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Quake gives area a shake
Brooke DeYoung thought concern over earthquakes would end when she moved from California back to La Grande.
That’s why she thought she might be imagining things when she was visiting with a friend at her kitchen table and felt, however subtly, that the ground was not stable Sunday night.
“I just blew it off because I’m not in California anymore,” she said.
When she got on Facebook later Sunday evening, she realized she was right, though.
A magnitude-3 earthquake occurred just before 7 p.m., six miles northwest of La Grande — in the Upper Perry area — according to the U.S. Geological Survey.
Paul Caruso, a geophysicist with the USGS’s National Earthquake Information Center, said the epicenter was a little over 6 miles west northwest of La Grande. The depth of the quake was 5.4 miles.
“Every earthquake is unique. How people feel it depends a lot on the depth of the earthquake,” Caruso said.
USGS received reports that the quake was felt in La Grande, though not very strongly, Caruso said.
DeYoung described the sensation as a wave.
“It’s not like a shaking,” she said. “I felt like I was on wobbly ground.”
And just as soon as she felt it, it was over.
“I think because of being (in California) and always being on guard, it becomes an extra sense you have,” DeYoung said. “Maybe it’s because I was just sitting. I wasn’t distracted by anything else.”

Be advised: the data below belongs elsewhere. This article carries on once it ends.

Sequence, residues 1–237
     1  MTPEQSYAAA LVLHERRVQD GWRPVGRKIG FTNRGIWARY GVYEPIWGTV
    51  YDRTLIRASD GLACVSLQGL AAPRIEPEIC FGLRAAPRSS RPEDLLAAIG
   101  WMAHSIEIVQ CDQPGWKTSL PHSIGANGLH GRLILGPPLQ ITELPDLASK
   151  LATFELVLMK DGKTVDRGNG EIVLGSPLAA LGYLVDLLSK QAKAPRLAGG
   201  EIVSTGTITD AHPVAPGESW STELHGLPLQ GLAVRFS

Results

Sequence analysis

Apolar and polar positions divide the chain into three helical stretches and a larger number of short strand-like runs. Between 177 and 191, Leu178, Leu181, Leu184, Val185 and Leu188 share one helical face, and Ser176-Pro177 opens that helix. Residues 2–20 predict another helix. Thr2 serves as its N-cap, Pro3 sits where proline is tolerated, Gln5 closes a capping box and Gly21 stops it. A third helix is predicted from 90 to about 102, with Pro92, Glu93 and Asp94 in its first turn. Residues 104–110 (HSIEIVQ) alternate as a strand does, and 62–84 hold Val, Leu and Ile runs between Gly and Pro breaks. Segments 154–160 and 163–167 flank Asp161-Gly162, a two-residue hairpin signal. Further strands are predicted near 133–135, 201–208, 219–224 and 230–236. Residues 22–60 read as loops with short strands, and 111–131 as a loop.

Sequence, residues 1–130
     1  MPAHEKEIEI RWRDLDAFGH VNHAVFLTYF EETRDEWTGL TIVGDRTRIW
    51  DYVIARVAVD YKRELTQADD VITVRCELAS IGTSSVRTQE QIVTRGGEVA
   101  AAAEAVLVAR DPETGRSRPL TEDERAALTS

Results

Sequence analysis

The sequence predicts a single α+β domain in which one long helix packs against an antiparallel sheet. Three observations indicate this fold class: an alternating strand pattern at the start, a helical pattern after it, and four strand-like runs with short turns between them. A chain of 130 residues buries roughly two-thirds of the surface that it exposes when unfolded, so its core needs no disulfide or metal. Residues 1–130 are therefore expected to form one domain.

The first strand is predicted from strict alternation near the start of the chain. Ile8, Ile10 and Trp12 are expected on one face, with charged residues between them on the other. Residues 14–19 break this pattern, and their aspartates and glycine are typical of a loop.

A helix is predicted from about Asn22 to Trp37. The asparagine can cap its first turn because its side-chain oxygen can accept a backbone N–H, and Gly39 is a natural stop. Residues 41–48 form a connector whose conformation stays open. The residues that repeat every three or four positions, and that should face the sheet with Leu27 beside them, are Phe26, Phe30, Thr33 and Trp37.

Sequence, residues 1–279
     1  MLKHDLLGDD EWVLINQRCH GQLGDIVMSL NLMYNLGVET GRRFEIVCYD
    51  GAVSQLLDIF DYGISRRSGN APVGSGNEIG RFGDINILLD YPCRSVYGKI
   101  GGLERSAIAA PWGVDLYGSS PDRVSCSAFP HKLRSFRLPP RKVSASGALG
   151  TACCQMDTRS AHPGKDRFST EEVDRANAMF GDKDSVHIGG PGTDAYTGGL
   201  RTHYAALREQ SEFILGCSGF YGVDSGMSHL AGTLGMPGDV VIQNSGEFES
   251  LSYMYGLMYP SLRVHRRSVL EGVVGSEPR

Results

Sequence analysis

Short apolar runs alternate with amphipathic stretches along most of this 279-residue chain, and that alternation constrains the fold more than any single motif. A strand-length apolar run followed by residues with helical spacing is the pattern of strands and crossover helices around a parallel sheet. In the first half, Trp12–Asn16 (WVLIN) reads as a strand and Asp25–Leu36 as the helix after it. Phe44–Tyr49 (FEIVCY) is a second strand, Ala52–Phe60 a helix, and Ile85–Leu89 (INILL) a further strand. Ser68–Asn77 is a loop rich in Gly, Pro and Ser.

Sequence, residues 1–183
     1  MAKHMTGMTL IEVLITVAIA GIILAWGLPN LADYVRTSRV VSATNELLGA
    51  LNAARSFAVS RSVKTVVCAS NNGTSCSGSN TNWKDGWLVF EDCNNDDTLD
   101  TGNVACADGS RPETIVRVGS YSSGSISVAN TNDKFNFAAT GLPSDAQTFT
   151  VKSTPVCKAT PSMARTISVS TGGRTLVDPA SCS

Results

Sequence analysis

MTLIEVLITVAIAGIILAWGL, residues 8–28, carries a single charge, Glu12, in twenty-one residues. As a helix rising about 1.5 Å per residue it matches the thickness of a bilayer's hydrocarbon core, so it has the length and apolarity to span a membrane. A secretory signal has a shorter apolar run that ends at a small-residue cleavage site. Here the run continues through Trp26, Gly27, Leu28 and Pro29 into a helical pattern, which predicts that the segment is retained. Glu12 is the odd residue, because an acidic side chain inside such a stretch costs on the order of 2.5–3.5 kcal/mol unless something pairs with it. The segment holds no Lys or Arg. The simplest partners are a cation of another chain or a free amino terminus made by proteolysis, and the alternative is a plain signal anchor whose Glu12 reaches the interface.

Calls to the Union County Sheriff’s Office and Union County commissioners were not returned by press time. It is not believed that there was any damage as a result of the minor quake.
The National Earthquake Information Center’s Caruso said Oregon has earthquakes, but not very often.
“There’s a potential for large earthquakes, especially on the West coast,” he said. “Eastern Oregon is less earthquake prone than Western Oregon.”
One of the few earthquakes to seriously jolt Union County struck early in its history on Dec. 14, 1870.
The earthquake hit at 10 p.m. and lasted between 10 seconds and one minute. Terrified residents, were bolted out of their slumber.
“One individual imagined his bed was haunted from its involuntarily being moved in various directions and quite a number imagined that their senses were leaving them,’’ the old Mountain Sentinel of Union reported in its Dec. 21, 1870, edition.
At Oro Dell people were awakened from sound sleep and frightened by the rattling of dishes and furniture. Oro Dell was an early settlement in the Fox Hill area.
The quake gained momentum as it progressed, according to a story in the Dec. 18, 1870, of the Bedrock Democrat, a Baker City weekly that carried an article on the seismic event written by a La Grande correspondent.
The writer said the quake started with “short vibrations’’ that became heavier and more perceptible.
“We must conclude that the motion which was felt by our citizens was nothing less than an earthquake,’’ wrote the correspondent, identified only as L.H.W.
The writer described the quake’s vibrations as gentle and noted that there was no rumbling sound.
The 1870 quake was also felt in Pendleton and Walla Walla, Wash.
According to the Pacific Northwest Seismic Network, an organization that tracks earthquakes and volcanic eruptions in Washington and Oregon, shows two other earthquakes previously registered. One was June 6, 1984, when a 3.1 magnitude earthquake occurred southwest of La Grande. A 3.5 magnitude quake registered July 14, 1971, south of La Grande, according to the PNSN.